There are people right here in the Bay Area making it possible for other people with disabilities to benefit from the world's best textbooks and literature, and now there is an interesting way you can help too.
Cancer took Greg Fowler's eyesight when he was just 1 year old, yet he grew up to graduate from Stanford University and become a software engineer in Silicon Valley.
Fowler says this program helped make it all possible. Voice recordings of high-level textbooks, literature and manuals, taught him how to build a website.
The recordings he says provide him instant access to a world of knowledge that was previously locked away in the printed word.
Fowler says he was happy to be "...able to read independently and study independently, it really did mean a lot to me to have that kind of freedom and that kind of flexibility and that kind of access."
Recording For the Blind and Dyslexic in Palo Alto is where it all happens. Every day, volunteers sit in sound booths and read math problems and books -- one by one, word for word -- everything from an advanced algebra textbook to the works of William Faulkner.
The books are downloaded for free all over the country. They are geared not only for the blind, but for students with dyslexia, who learn better by listening.
"I find that it is very rewarding," says reader Jane Seaman.
Seaman was inspired to record books after she played the role of Helen Keller's mother at a local theater.
"We had several blind children in the cast," says Seaman. "It gave us so much additional insight into the challenges, we can always imagine what the challenges might be."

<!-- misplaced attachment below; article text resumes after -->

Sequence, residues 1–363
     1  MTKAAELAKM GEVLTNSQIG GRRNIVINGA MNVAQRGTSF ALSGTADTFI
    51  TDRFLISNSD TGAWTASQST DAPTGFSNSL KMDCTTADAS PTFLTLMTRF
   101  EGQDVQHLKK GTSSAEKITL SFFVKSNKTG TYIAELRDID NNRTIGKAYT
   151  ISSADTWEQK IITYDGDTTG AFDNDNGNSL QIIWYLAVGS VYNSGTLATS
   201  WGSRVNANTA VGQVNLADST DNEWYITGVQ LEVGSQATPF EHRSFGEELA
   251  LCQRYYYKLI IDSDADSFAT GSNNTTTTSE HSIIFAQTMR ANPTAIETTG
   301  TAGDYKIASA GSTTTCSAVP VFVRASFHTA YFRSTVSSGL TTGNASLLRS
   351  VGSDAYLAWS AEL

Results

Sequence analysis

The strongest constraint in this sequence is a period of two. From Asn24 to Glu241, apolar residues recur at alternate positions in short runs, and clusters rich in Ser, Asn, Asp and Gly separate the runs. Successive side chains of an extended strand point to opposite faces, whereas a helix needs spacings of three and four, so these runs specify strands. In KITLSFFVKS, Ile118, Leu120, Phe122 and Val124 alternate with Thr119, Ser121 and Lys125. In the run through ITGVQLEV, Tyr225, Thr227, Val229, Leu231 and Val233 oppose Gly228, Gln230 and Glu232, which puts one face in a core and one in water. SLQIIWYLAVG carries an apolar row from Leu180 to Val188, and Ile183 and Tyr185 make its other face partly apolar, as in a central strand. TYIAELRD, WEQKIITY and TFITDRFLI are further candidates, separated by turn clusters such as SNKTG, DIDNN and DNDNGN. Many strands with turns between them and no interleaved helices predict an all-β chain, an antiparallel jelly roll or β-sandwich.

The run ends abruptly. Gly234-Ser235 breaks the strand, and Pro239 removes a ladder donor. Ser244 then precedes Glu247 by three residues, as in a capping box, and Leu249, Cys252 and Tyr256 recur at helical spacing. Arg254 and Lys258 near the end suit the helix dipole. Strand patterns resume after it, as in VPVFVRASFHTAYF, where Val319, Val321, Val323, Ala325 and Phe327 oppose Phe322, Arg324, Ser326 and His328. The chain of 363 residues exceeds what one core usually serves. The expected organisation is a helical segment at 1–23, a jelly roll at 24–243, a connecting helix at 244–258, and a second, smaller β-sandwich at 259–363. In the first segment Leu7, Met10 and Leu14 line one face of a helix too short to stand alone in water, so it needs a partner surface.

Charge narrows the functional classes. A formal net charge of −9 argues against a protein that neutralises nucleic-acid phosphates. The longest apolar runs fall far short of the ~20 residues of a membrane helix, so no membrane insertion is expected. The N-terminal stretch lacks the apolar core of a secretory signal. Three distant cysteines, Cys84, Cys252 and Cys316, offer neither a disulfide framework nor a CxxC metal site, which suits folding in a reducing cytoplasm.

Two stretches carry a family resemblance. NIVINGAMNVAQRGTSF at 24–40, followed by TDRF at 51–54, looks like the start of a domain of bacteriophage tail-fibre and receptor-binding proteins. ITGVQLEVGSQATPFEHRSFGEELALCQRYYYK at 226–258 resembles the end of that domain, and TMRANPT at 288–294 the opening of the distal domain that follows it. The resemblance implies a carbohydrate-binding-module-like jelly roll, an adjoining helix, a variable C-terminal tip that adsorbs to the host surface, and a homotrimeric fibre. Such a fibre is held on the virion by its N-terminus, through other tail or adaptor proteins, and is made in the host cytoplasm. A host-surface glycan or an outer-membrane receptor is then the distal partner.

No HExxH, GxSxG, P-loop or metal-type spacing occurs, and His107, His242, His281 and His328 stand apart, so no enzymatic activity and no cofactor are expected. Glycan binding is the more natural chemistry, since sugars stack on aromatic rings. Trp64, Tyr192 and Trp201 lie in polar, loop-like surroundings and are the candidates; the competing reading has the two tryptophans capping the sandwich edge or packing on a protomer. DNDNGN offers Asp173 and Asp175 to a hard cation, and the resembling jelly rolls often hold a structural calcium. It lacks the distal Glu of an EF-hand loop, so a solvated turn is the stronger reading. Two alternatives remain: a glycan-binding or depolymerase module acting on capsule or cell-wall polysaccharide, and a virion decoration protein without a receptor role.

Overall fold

"Someone presumably, hopefully, benefits from it," says reader Wilma Hoffmann.
Hoffmann is a former math teacher with a rare ability to put diagrams into words.
"And you think, if this person can't see, what do I need to tell them about this graph?" asked Hoffmann.
Greg has been reading by listening ever since high school when the recorded library was still small. It's now expanded to more than 60,000 books, but the need has grown too.
"Across the country, including California, there are about 20 percent of students with learning disabilities. The more books we can record the more we can serve," says director Trish Bubenik.
Bubenik says these recordings are unique because they use real human voices, not synthetic sound.
Now the centerwants your voice too. Next week, it's holding a "record-a-thon" where you can go in and voice a book -- one that might make a difference to somebody somewhere.
"We had a student come in and say, 'For 10 years, I went to sleep with your voices in my ear and I thank you,'" says Bubenik.
IF YOU WANT TO HELP:
The Record-a-thon will be held April 19 through April 21, from 9 a.m. to 7:30 p.m. each day.
To sign up, call: (650) 493-3717